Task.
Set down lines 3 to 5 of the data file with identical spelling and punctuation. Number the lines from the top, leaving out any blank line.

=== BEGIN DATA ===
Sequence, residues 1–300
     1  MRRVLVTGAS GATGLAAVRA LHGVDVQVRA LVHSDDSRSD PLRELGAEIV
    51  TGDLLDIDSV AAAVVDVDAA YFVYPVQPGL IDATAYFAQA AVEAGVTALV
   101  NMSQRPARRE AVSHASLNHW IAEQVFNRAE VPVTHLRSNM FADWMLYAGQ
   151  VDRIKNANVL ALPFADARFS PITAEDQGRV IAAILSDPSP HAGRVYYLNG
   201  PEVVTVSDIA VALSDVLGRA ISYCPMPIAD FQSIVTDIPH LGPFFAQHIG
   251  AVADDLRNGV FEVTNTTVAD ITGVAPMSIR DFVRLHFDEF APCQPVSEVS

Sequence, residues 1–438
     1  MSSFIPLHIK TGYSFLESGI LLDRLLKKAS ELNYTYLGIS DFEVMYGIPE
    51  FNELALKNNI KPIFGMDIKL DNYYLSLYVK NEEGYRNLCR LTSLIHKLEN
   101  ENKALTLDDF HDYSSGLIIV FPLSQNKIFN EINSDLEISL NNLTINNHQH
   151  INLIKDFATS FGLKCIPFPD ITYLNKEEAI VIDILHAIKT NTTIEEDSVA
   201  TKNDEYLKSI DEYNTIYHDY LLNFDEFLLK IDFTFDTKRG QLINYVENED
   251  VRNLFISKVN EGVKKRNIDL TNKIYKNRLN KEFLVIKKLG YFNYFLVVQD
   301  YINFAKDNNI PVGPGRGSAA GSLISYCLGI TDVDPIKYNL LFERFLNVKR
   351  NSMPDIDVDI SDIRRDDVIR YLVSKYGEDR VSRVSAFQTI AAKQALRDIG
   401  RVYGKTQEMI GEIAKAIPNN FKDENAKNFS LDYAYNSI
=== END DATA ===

    51  TGDLLDIDSV AAAVVDVDAA YFVYPVQPGL IDATAYFAQA AVEAGVTALV
   101  NMSQRPARRE AVSHASLNHW IAEQVFNRAE VPVTHLRSNM FADWMLYAGQ
   151  VDRIKNANVL ALPFADARFS PITAEDQGRV IAAILSDPSP HAGRVYYLNG